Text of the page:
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Abstract The use of imaging in the arena of primary treatment for breast cancer is gaining importance as a technique for assessing response to chemotherapy as well as assessing the underlying tumor biology. Both mammography and ultrasound have traditionally been used, in addition to clinical evaluation, to evaluate response to treatment although they have shed little light on the underlying biological processes. Functional magnetic resonance imaging techniques have the ability to assess response to treatments in addition to providing valuable information on changes in tumor perfusion, vascular permeability, oxygenation, cellularity, proliferation, and metabolism both at baseline and after treatment. This noninvasive method of evaluating cellular function is of importance both as endpoints for clinical trials and to our understanding of the biological mechanisms of cancer. Imaging modalities have become increasingly valuable tools in the assessment of breast cancer, particularly in the arena of primary disease. They are used routinely in the diagnosis and assessment of breast cancer as well as in the evaluation of response to primary chemotherapy. These techniques have evolved over the past 30 or so years since they were introduced into routine practice and have significantly different roles compared with their original use as a diagnostic adjunct to clinical evaluations. They now play a role not only in screening and diagnosis but also in assessing operability and need for primary systemic therapy and assessing changes in response to treatment. As well as providing morphological assessments of breast cancer they can also give us insights into the biology and behavior of the disease leading to their classification as imaging biological markers. These imaging biomarkers are of particular value in the early assessment of response to therapy which is of interest in identifying nonresponders early in their treatment journey and switching to potentially more effective therapy. The biological features that imaging and in particular magnetic resonance imaging (MRI), can provide information on are perfusion, oxygenation, vascularity, and cellularity (1). Imaging as a biomarker is noninvasive making it practical to be used for serial measurements, instead of repeat biopsies. Biological endpoints are also of potential utility in early stage clinical trials to evaluate novel treatments for further development (2) as they can address the potential mechanism of action of such treatments. Neoadjuvant chemotherapy for breast cancer is used primarily for patients who have locally advanced disease that would not be amenable to breast conserving surgery in their current state. The intention of neoadjuvant chemotherapy is to allow breast conservation to take place whilst offering the other advantage of adjuvant chemotherapy, the treatment of micrometastatic disease. This setting provides a unique opportunity to use imaging biomarkers to assess tumor response to chemotherapy in comparison to pathological response to treatment. Pathological complete response (pCR) has been shown on meta-analysis to predict for relapse-free survival, disease-free survival, and overall survival (3). However, recent data has shown a variance of the ability of pCR to predict for outcome depending on histological parameters (4). Those with lower proliferating tumors including the luminal A and luminal B/HER2-positive groups displayed no prognostic benefit to pCR, whereas those with the more aggressive characteristics including the luminal B/HER2-negative, HER2-positive (nonluminal), and triple-negative tumors showed a significant prognostic impact of pCR. Despite this pCR still provides an excellent surrogate endpoint for higher risk patients and is also now used to accelerate drug approval in the United States (5). In this review we will focus on what imaging can tell us about tumor biology and behavior at diagnosis and after neoadjuvant chemotherapy with specific reference to digital mammography, ultrasonography, and MRI. Mammography Mammography has a well-established role in breast cancer management and most commonly in screening and diagnosis, but also in the assessment of response to therapy. Screen-film mammography has been considered to be the “gold standard” for many years although this is now being steadily replaced by “digital mammography” which allows easier storage of data as well as showing better rates of cancer detection in younger women, those with denser breast tissue, and women who are pre- and perimenopausal (6) as well as an equivalence to screen-film mammography for screening (7). Other advantages include a higher contrast resolution, a higher signal to noise ratio, and a slightly lower radiation dose although at the expense of lower spatial resolution (8). The use of mammography for screening has been controversial although most studies have shown that there is a reduction in mortality. This may be at the cost of “overdiagnosis” (9,10). Features of breast cancer seen on mammography include a dense mass with a poorly defined border, a spiculate irregular mass, distortion of the breast tissue, asymmetric soft tissue, and specific formations of calcification including pleomorphism, linear and branching patterns, and fine clusters (11). However, mammography is very limited in the information it can provide about the underlying biology or behavior of breast cancer at the point of diagnosis. Newer mammographic techniques such as digital breast tomosynthesis, contrast-enhanced digital mammography, and dual energy mammography (spectral mammography) remain in development and their advantages over digital mammography are not yet proven (12). Mammography has been used in the assessment of response to therapy in the breast after neoadjuvant chemotherapy to determine the extent of residual disease. As imaging techniques have changed with the advent of multimodality approaches most of these studies were performed more than 15 years ago. A study of 49 patients receiving Cyclophosphamide, Methotrexate, Fluorouracil (CMF) chemotherapy showed clinical examination predicted more responders than mammography (65.7% vs 54.3%) (13). A retrospective study looked at mammograms of 95 patients taken before and after neoadjuvant chemotherapy and found that five of the eight patients thought to have a complete pathological response actually had residual tumor and of the eight patients that actually had a complete pathological response only three were predicted by mammography (14). Another retrospective review reported 56 patients who received neoadjuvant chemotherapy and found that mammography had a better sensitivity than clinical examination for prediction of residual disease (79% vs 49%) but was less specific (77% vs 92%) (15). To our knowledge there have been no studies evaluating the routine use of mammography throughout a course of neoadjuvant chemotherapy to assess response, but instead is only performed at the end of chemotherapy, which reduces the utility in the earlier identification of nonresponders. However, there may be a role in the evaluation of disease progression during chemotherapy (16). Overall, mammography does not offer a great deal of information to the observer in terms of a morphological assessment of response, although it may complement other imaging methods and clinical examination in evaluating disease extent before surgery. It also has little to offer the observer in terms of assessment of tumor biology. Ultrasonography Ultrasound is a widely used technique for the imaging of primary breast cancer and axillary nodes. Unlike mammography, ultrasound does not have a routine role in screening for breast cancer but is used in particular for the characterization of the morphology of lesions as well as for image-guided interventions including biopsies. Breast cancers are typically solid on ultrasound, have irregular margins, and cast acoustic shadows distally (11). The use of ultrasound in addition to that of mammography has been shown to increase sensitivity (97% vs 74%) in the detection of primary breast cancer but also to have a false-positive rate of 2.4% (17). In terms of the assessment of response to neoadjuvant therapy most studies have compared ultrasound to mammography, either on their own, or the utility of adding ultrasound to mammography for assessment of the primary lesion. A retrospective study of 100 patients found that ultrasound had a worse correlation with pathological outcome after neoadjuvant chemotherapy than physical examination or mammography. However, it was better correlated with lymph node response (18). Other studies have found that the accuracy of ultrasound is not significantly different to that of mammography (19) and its addition to mammography does not improve accuracy (20). A more recent review provided contradictory data showing that overall accuracy was greatest with ultrasound compared with clinical examination and mammography (21). A smaller study of 42 patients compared physical examination alone, a combination of mammography and ultrasound, and a combination of all three (22). The most accurate combination was found to be mammography and ultrasound although still with an accuracy rate of 67%. Doppler ultrasound has also been used to evaluate response assessment to chemotherapy for breast cancer. One study has found an increased sensitivity above clinical response for predicting pathological response after six cycles of chemotherapy (23) and a second study has found a similar outcome after three cycles of chemotherapy (24). The German Breast Group has made a similar observation in a study of 285 patients (25). They demonstrated that after two cycles of neoadjuvant chemotherapy (NAC), ultrasound assessment was more accurate than clinical examination in predicting nonresponding patients as well as patients who went on to have a pCR. Newer ultrasound techniques are providing increasing information, in particular with regard to the underlying biology of breast cancers. Three-dimensional power Doppler ultrasound has been used to help classify breast lesions by identification of specific vascular features (26). It provides information on the underlying vascular network of larger vessels and this has application to the understanding of angiogenesis as well as being of value in the evaluation of antiangiogenic therapies. Another recent technical advance is the use of microbubble ultrasound which has been shown in selective series to increase the accuracy of diagnosis of primary breast lesions (27). Other novel techniques in ultrasound have attempted to improve diagnostic accuracy and interobserver variability include automated whole breast ultrasound, three-dimensional ultrasound, and sonoelastography (12). These techniques should still be regarded as experimental. Overall with regard to ultrasound the data on the assessment of response of primary breast cancer to neoadjuvant therapy is mixed but does not seem to add significantly to the diagnostic accuracy of mammography and clinical examination. The studies seem to suffer from the same issues as those looking at mammography, namely only comparisons made at the end of chemotherapy, which does not aid response assessments during treatment. Explanations behind the failure of ultrasound to aid response assessments include the difficulty of posttreatment fibrosis. However, ultrasound is still used in routine practice for the assessment of response during chemotherapy and also has a role in the placement of tumor bed markers to guide surgeons in cases of good pathological response. Newer techniques promise to provide insights into the biology of tumors but have not yet been shown to aid our understanding of the changes in tumor behavior in response to chemotherapy. Morphological MRI MRI has an increasing role in the preoperative assessment of primary breast cancer. Its particular strengths include the imaging of mutifocal and multicentric disease, women with dense breasts, assessment of lobular carcinoma, post wide local excision with involved margins and patients presenting with involved axillary lymph nodes. MRI has also been shown to be of value in the assessment of breast cancer response to treatment. Most of the data to date has been using MRI to make anatomical assessment, in particular change in the size of tumors. The first significant study to address this question prospectively evaluated 39 patients pre– and post–neoadjuvant chemotherapy with a dedicated breast MRI and found that MRI predicted the pathological response in 97% of cases (28). This accuracy was far superior to that of mammography or clinical examination. Other studies that have compared the accuracy of differing modalities in predicting for response have shown both MRI and mammography to be superior to ultrasound and clinical examination (89%, 89%, 82%, and 75%, respectively) (19). Yi et al. (29) reviewed the MRI scans of 187 women who had received six cycles of NAC and found that a smaller reduction in tumor volume was an independent predictor of worse recurrence-free and overall survival. A short meta-analysis, which did not include the data of Yi, of between 230 and 301 patients across the modalities has been recently performed. The results from this study are summarized below (Table 1) (21). Overall the data shows that MRI as a single modality had the best accuracy, positive predictive value, and negative predictive value. It is however second to ultrasound in its sensitivity and second to clinical examination in its specificity. Table 1. Meta-analysis of accuracy in prediction of tumor response; from Croshaw et al. (21)* Characteristics Clinical examination Digital mammography Ultrasound MRI Accuracy 57% 74% 79% 84% Positive predictive value 91% 85% 85% 93% Negative predictive value 31% 41% 44% 65% Sensitivity 50% 81% 90% 86% Specificity 82% 48% 33% 79% Characteristics Clinical examination Digital mammography Ultrasound MRI Accuracy 57% 74% 79% 84% Positive predictive value 91% 85% 85% 93% Negative predictive value 31% 41% 44% 65% Sensitivity 50% 81% 90% 86% Specificity 82% 48% 33% 79% *MRI = magnetic resonance imaging. View Large MRI is mainly used in assessing response to therapy using an anatomical approach. However the use of functional MRI has increased, mainly in clinical trial settings, and this can add a substantial amount of information to more traditional morphologic approaches. Functional MRI can also be known as quantitative MRI as it is able to measure intrinsic tissue properties, and using an appropriate model, compute these to provide numerical outcomes (30). Dynamic Contrast-Enhanced MRI Dynamic contrast-enhanced MRI is one commonly used functional MRI technique. This allows the detection of changes in T1 relaxation times caused by the passage of a gadolinium-based contrast agent through the tissue being studied. Multiple images are taken through the time course of contrast injection and uptake signal changes allow the computation of parameters such as Ktrans which is the contrast transfer rate constant showing blood vessel perfusion and permeability, ve which is the extravascular, extracellular volume fraction, and vp which is the plasma volume fraction (30) (Figure 1). Figure 1. View largeDownload slide DCE-MRI representative parametric maps of a 42-year-old woman with a 72mm G2 IDC of the breast ER- and HER2-positive, who had a complete pathological response and remains alive and disease free at 5 years. a) Ktrans map pre NAC, b) Ktrans map post two cycles of docetaxel NAC, c) Ve map pre-NAC, d) Ve map post two cycles of docetaxel NAC. DCE-MRI = dynamic contrast-enhanced magnetic resonance imaging; ER = estrogen receptor; IDC = invasive ductal carcinoma; NAC = neoadjuvant chemotherapy. Figure 1. View largeDownload slide DCE-MRI representative parametric maps of a 42-year-old woman with a 72mm G2 IDC of the breast ER- and HER2-positive, who had a complete pathological response and remains alive and disease free at 5 years. a) Ktrans map pre NAC, b) Ktrans map post two cycles of docetaxel NAC, c) Ve map pre-NAC, d) Ve map post two cycles of docetaxel NAC. DCE-MRI = dynamic contrast-enhanced magnetic resonance imaging; ER = estrogen receptor; IDC = invasive ductal carcinoma; NAC = neoadjuvant chemotherapy. There are a number of studies that have used dynamic contrast-enhanced-MRI to assess response to neoadjuvant chemotherapy. We have previously shown that changes in kinetic dynamic contrast-enhanced-MRI parameters and Ktrans in particular can predict for both clinical and pathological response, where change in tumor size was not predictive (31). We subsequently reported that posttreatment Ktrans was also predictive of overall survival (32). A recent study has demonstrated that, after six cycles of NAC, a smaller reduction in the washout component was associated with worse disease-free and overall survival (29), a finding consistent with our data. A systematic review was conducted by Marinovich et al. (33) which identified 13 studies looking at dynamic contrast-enhanced-MRI in assessment of pathological response to NAC in breast cancer. The results were difficult to interpret mainly due to the heterogeneity of the studies involved but suggested that tumor volume, Ktrans, and early contrast uptake showed the highest sensitivity and specificity for prediction of pathological response. The biological basis for these changes and in particular those of Ktrans are not entirely understood. However, it is likely to relate to the changes within the microvasculature due to withdrawal of tissue vascular endothelial growth factor levels as a result of tumor cell death leading to endothelial cell apoptosis and a reduction in the proportion of proliferating blood vessels (31). The direct effect of chemotherapy on proliferating endothelial cells is considered to be a minor effect. Blood Oxygen Level–Dependent MRI Another biological process that MRI has a role in assessing in primary breast cancer is blood oxygenation and flow using blood oxygen level–dependent MRI. This technique uses the paramagnetic properties of deoxyhemoglobin, creating variations in the magnetic field, and reducing the relaxation rate (R2*) of water in blood and surrounding tissues. Hypoxia will therefore lead to an increased deoxyhemoglobin and a faster R2* (34). This technique has mainly been used in neuroradiology but also in cancer and specifically breast cancer. In a study of 31 patients with breast cancer treated with NAC we found increases in R2* after two cycles of treatment, with greater changes in those who went on to achieve a pathological response (32). However, this was not as useful as Ktrans in predicting a response. The likely hypothesis for increased R2* in response to chemotherapy is an increase in tumor hypoxia, although the data for this is mainly drawn from animal xenograft models. Diffusion-Weighted MRI Diffusion-weighted MRI is a functional imaging technique that can be used to measure water diffusivity and does not require the use of contrast agents. Modified fat-suppressed T2-weighted spin-echo sequences are used and the application of diffusion-sensitizing gradients with differing amplitudes allows the calculation of water diffusivity, often called the apparent diffusion coefficient (ADC) (35). The ADC value depends on the freedom of movement of water at the cellular level allowing the differentiation of benign and malignant tissues. Within cancers the diffusion of water can also be affected by the cell density with an increased proliferation leading to an increase in the “packing” of cells thereby reducing the freedom of water and the ADC (30). Of particular interest is the ability for this technique to pick up changes in ADC in response to therapy. As tumor cells die, a process of cell death and apoptosis causes rupture of cell membranes increasing water diffusivity and ADC. Most of the work using diffusion-weighted MRI in primary breast cancer has focused on the differentiation of benign and malignant lesions. These studies have found a significant difference in the ADC value between differing types of tissue as well as difference associated with cellularity within malignant lesions (36). This technique has been used to assess response to therapy after neoadjuvant chemotherapy. Two small studies from the same group found conflicting results with regard to ADC changes, one with 10 patients showing significant changes after the first and second cycle (37) and the other with 16 patients showing that ADC did not display an early response (38). However, this second study did show that early changes in fat:water ratios and water T2 could be used to predict a final tumor volume response. A third study with 11 patients demonstrated that ADC was particularly sensitive to changes in tumor status (39). These findings have been corroborated by a much larger study with 56 participants with locally advanced cancers and 25 nonmalignant controls (40). This study showed that ADC was more useful than typical morphological changes on MRI at predicting tumor response. This finding is consistent with two of the three earlier and smaller studies. MR Spectroscopy MR spectroscopy uses the behavior of hydrogen (1H) to demonstrate metabolic changes in cancer cells, in particular using molecules such as choline that are known to be elevated in malignant tissues. MR spectroscopy can detect these elevated levels to increase the specificity of a malignant diagnosis. Tozaki et al. (41) have assessed it in the setting of response to neoadjuvant therapy. A study of 16 patients found an improved ability to predict pathological responders by reductions in the choline signal after two cycles of NAC in breast cancer. A second study by the same authors (42) looked at seven cases of breast cancer after one cycle of NAC and found a correlation between the change in choline signal and the change in lesion size. The same correlation was not observed between a change in ADC using diffusion-weighted MRI and a change in size. These studies suggest that the normalization of these high concentrations of tumor metabolites is associated with a response to treatment, perhaps because of reduced cellular activity or burden of disease after treatment. Additional Approaches Other MRI approaches are in development including MR elastography, which assesses tissue stiffness, although has not yet been used to assess response to primary therapy. Other non-MRI functional imaging techniques include positron emission tomography, which uses a radiotracer, most commonly [18F]2-fluoro-2-d-glucose, to assess tumor activity. This approach been used to demonstrate that [18F]2-fluoro-2-d-glucose reduction after a single cycle of NAC is predictive of a pathological response to treatment (43), and at least 10 other studies reviewed by Groheux et al. (44) have addressed this question, showing a correlation between early changes in the SUVmax and final pathological response. The other positron emission tomography tracer of particular interest is [18F]fluorothymidine which is a potential biomarker of proliferation. [18F]fluorothymidine-positron emission tomography uptake has been shown to be well correlated in breast cancer with the gold standard marker of proliferation, Ki-67 by immunohistochemistry (45), and reduction in [18F]fluorothymidine uptake after chemotherapy has been demonstrated to predict clinical response (46). Perfusion computed tomography has also been studied in breast cancer and found to be of utility in predicting response to NAC (47). It uses changes in tissue attenuation after administration of contrast media to allow the modeling (48) of kinetic parameters including changes in blood flow, blood volumes, and permeability, which are characteristics of tumor angiogenesis and therefore of potential value in the assessment of antiangiogenic therapies. Conclusions Mammography, ultrasound, and morphological MRI play essential everyday roles in the management of breast cancer. In the setting of NAC they have been shown to increase the accuracy of response prediction in comparison to clinical examinations. However, once one moves beyond morphological assessment to a biological approach to tumor imaging their utility is limited. Functional MRI approaches can reveal the underlying biological processes both before treatment and after chemotherapy, shedding new light on the pathophysiological nature of breast cancer in a noninvasive way, and without the use of ionizing radiation. These techniques allow us to assess cellularity, vascularity, oxygenation, and metabolism of tumors. They also provide the potential to act as clinical trial endpoints in the era of biological-targeted therapies although further work to validate these approaches is required. 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JNCI Monographs – Oxford University Press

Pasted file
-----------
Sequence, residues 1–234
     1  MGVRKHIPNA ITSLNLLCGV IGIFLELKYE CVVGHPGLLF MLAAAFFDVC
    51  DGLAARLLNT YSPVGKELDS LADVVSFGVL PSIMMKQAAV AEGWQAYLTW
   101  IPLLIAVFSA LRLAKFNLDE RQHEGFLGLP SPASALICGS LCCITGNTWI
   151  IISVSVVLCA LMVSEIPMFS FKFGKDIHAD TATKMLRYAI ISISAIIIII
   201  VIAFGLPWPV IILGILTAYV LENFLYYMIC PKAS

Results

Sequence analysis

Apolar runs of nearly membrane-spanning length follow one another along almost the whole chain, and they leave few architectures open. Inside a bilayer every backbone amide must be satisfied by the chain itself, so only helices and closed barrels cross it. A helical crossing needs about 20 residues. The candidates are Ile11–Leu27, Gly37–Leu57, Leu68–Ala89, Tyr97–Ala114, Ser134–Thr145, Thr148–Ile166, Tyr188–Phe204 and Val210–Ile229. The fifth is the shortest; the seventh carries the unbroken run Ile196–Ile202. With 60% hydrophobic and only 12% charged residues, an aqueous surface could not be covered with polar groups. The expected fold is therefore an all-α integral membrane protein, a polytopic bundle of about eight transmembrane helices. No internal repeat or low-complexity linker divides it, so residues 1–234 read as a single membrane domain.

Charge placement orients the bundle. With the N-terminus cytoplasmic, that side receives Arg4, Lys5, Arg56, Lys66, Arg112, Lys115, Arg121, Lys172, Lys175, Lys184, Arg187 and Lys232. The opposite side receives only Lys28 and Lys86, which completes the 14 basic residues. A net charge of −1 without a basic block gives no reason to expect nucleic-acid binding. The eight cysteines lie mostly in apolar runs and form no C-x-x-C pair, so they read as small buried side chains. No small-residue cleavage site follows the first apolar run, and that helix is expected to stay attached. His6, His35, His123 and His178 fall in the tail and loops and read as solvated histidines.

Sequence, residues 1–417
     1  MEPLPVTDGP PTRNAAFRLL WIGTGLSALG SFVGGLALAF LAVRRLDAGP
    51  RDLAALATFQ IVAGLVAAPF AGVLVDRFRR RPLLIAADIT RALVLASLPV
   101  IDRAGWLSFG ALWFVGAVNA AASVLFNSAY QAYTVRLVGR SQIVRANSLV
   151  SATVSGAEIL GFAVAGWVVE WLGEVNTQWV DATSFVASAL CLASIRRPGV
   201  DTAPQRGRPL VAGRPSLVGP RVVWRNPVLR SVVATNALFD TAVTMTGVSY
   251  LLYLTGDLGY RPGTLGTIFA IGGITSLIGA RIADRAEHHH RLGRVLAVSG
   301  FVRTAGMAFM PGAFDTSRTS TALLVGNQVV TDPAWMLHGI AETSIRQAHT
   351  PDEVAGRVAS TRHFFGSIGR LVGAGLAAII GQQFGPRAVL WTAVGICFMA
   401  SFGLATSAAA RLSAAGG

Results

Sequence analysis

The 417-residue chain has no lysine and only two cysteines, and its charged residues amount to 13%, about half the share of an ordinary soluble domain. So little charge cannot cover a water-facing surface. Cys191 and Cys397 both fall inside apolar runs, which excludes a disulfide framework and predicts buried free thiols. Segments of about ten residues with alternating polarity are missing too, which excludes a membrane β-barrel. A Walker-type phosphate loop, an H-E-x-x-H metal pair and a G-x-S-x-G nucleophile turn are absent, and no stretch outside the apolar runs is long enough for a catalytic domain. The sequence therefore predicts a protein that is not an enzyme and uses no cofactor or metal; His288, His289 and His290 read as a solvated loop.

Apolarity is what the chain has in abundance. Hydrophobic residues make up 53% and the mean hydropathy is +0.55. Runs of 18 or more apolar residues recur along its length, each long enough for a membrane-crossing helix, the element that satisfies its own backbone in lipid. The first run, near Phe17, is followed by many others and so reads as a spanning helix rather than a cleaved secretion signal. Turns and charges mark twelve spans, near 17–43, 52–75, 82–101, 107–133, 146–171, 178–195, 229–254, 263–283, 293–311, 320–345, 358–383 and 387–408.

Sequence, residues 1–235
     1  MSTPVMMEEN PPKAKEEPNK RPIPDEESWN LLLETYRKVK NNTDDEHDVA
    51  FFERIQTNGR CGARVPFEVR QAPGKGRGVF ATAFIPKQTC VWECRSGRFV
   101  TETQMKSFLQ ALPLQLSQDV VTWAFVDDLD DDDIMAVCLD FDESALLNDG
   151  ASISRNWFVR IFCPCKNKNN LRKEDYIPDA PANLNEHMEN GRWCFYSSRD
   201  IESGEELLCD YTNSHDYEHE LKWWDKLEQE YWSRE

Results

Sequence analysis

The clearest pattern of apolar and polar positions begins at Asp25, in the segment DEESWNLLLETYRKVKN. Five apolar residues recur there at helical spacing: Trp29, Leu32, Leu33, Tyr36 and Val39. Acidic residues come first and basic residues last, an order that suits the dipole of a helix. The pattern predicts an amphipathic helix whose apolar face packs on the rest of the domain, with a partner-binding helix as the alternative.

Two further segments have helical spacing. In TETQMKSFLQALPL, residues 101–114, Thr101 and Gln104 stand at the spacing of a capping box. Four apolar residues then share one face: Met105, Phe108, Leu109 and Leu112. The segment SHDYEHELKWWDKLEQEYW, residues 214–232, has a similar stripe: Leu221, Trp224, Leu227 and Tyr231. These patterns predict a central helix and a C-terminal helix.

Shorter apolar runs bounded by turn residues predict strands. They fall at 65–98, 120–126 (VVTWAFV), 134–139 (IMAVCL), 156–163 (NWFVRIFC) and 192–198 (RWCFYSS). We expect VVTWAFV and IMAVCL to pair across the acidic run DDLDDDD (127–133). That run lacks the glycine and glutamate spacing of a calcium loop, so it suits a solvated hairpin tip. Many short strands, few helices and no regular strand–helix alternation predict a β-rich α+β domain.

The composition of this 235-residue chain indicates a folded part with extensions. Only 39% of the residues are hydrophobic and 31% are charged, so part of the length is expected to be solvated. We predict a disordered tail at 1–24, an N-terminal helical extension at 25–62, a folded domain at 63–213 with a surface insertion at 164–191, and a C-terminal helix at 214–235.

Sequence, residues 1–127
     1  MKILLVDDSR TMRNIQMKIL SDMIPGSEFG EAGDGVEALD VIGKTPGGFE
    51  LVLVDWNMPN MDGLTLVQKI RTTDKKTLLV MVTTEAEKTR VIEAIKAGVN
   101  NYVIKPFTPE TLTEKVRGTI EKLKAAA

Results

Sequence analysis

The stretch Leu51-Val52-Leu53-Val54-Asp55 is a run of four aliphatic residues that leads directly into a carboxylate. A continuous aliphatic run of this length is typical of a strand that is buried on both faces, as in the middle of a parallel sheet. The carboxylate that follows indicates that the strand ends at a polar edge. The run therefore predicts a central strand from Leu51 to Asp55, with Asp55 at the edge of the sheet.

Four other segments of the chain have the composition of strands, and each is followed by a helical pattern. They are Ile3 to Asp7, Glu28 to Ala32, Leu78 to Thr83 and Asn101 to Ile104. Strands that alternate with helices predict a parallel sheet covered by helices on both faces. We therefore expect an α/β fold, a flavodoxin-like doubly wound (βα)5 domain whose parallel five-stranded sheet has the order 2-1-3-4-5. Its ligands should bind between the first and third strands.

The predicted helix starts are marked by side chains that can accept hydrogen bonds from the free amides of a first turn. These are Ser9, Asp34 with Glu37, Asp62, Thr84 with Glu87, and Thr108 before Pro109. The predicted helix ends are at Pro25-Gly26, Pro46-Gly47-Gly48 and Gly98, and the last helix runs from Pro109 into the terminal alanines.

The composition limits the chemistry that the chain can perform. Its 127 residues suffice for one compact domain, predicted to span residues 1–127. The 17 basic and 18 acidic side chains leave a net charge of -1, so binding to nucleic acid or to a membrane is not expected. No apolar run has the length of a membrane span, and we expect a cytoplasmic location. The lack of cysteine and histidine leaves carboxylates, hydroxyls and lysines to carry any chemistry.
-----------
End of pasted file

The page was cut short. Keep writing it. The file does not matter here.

Published: Jun 10, 2015